- What is a request?
A request is any indication that a person is unable to pay for services. At all times that uncompensated services are available, the facility must make a written determination of eligibility in response to each request for uncompensated services.
- When may a request be made?
A request may be made at any time – before, during, or after services are received, including after institution of a collection action.
- What are the time frames for making a determination of eligibility?
All facilities except nursing homes: For requests prior to discharge or prior to receipt of outpatient services, determinations must be made within 2 working days following the request. For requests made after discharge or after receipt of outpatient services, determinations must be made no later than the end of the first full billing cycle following the request. Nursing homes: For requests made prior to admission, determinations must be made within 10 working days of the request, but no later than 2 working days after admission. For requests made after admission, determinations must be made no later than the end of the first full billing cycle following the request.
- Are illegal aliens eligible for Hill-Burton assistance?
Yes. Eligibility is not based on citizenship or residency status.
- What is a substantial compliance review?
A substantial compliance review is conducted by HRSA to determine a facility’s compliance with the uncompensated services regulations. HRSA will contact you when an audit has been scheduled. They will let you know what documentation you must provide to document compliance.
- How long must records be kept?
A facility shall retain the records for three years after submission of the Uncompensated Services Assurance Report or 180 days following the close of HRSA’s assessment investigation, whichever is less.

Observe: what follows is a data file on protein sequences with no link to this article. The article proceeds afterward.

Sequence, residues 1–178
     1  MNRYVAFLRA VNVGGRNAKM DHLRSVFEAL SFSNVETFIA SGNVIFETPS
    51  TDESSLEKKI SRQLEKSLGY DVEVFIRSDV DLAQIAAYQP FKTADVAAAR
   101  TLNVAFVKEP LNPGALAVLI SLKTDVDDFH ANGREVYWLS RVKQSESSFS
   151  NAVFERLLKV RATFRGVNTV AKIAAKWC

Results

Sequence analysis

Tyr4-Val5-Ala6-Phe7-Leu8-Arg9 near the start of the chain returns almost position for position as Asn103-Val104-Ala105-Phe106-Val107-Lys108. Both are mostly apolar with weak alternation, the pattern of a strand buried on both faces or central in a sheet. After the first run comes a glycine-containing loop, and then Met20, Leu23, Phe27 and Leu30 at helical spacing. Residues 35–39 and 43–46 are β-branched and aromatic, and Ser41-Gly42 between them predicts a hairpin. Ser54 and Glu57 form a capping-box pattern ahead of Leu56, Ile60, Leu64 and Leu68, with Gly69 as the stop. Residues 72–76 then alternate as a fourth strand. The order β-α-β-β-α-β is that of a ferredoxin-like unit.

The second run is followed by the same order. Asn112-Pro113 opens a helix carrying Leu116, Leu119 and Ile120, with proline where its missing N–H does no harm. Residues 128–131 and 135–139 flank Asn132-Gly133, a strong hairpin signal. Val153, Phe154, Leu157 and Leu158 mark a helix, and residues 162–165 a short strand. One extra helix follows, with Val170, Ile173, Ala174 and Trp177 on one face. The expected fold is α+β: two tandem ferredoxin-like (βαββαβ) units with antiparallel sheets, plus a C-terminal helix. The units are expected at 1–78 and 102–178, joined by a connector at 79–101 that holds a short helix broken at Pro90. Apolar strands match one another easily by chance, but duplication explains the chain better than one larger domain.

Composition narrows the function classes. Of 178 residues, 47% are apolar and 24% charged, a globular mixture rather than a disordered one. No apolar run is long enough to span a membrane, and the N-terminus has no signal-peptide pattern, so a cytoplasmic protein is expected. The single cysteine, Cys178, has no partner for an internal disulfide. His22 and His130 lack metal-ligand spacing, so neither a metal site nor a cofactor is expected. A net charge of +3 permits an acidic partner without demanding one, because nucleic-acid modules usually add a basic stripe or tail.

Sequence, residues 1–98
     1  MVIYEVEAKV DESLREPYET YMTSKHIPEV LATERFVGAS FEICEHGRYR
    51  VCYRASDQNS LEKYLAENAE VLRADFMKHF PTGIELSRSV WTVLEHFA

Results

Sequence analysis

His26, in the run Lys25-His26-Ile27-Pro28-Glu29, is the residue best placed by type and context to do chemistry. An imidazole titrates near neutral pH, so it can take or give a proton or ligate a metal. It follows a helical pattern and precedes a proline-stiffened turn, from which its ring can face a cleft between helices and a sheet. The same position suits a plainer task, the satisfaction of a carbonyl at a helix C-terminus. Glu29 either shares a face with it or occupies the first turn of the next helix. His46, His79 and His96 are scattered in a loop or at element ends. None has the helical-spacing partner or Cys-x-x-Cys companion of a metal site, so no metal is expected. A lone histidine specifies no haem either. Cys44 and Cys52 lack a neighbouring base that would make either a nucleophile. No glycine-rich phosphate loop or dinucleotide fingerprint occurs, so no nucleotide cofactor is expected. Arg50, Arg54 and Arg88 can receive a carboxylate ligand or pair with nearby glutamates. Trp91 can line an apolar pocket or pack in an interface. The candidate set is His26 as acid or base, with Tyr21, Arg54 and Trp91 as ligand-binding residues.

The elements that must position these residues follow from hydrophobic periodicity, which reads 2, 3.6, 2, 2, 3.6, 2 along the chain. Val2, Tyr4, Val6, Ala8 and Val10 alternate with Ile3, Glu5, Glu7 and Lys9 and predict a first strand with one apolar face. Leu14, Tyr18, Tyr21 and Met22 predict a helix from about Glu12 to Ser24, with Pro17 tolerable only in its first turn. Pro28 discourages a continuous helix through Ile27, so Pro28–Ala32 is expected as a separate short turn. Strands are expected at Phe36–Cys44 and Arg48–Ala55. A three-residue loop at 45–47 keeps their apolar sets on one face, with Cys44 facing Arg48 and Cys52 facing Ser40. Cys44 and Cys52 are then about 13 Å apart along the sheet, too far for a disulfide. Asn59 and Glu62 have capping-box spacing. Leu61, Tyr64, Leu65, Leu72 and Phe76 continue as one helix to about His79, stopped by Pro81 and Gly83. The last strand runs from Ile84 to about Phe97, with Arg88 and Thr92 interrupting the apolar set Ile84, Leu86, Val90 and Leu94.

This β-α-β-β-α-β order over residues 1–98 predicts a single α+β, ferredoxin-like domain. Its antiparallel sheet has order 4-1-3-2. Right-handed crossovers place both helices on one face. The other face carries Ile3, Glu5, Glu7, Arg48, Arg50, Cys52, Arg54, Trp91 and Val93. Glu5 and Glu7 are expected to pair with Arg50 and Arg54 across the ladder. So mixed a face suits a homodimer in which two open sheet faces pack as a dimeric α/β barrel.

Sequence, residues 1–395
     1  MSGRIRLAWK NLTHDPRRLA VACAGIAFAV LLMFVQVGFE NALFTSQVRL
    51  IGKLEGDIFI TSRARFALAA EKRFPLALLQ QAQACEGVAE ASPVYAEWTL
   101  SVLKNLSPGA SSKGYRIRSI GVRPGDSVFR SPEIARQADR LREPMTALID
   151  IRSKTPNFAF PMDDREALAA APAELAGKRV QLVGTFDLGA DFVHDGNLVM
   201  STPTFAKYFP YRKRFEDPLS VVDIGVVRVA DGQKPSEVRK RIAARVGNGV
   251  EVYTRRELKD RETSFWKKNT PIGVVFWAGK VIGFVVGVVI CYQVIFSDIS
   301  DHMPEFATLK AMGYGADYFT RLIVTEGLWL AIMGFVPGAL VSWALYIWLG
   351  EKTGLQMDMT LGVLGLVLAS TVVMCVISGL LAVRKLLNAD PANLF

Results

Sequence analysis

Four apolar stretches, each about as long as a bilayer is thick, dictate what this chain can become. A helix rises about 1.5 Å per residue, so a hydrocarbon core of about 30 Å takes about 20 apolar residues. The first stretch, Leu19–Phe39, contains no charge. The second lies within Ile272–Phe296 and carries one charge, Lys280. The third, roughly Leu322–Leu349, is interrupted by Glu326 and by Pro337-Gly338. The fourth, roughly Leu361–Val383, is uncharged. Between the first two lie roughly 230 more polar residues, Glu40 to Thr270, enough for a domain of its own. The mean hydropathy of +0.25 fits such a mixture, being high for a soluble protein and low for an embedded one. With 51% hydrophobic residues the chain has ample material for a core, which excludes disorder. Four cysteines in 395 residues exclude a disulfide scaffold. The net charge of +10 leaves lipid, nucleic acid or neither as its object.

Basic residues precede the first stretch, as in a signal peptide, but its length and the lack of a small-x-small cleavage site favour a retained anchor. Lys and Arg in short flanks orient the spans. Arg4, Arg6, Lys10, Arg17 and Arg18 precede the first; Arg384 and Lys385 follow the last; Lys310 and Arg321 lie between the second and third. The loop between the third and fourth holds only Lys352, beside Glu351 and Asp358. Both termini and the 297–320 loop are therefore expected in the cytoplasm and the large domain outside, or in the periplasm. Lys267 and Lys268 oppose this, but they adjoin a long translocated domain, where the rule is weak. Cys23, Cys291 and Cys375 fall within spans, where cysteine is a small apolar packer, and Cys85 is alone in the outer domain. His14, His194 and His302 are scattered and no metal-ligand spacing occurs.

- What are the compliance alternatives?
Compliance alternatives are designed to accommodate facilities providing significant amounts of uncompensated services.
- How is uncompensated services credit determined?
At least once every 2 years, the Department will conduct a substantial compliance review to determine a facility’s compliance with the uncompensated services regulations. The facility will be contacted regarding the records needed:
a copy of each published notice, including proof of publication date;
a copy of each individual notice used during the period to be assessed, along with a description of the method used for distribution of the individual notice;
written policies and procedures concerning the Hill-Burton program;
supporting documentation for calculating the 3 percent compliances, if applicable, and the allowable credit factors;
log or listing of Hill-Burton accounts and total dollar amounts written off each year supported by ledgers or journals;
patient account information, including the determination of eligibility, income and family size information, and billing information for Hill-Burton approved accounts; for denied accounts, maintain the determination of eligibility, including the reason for denial.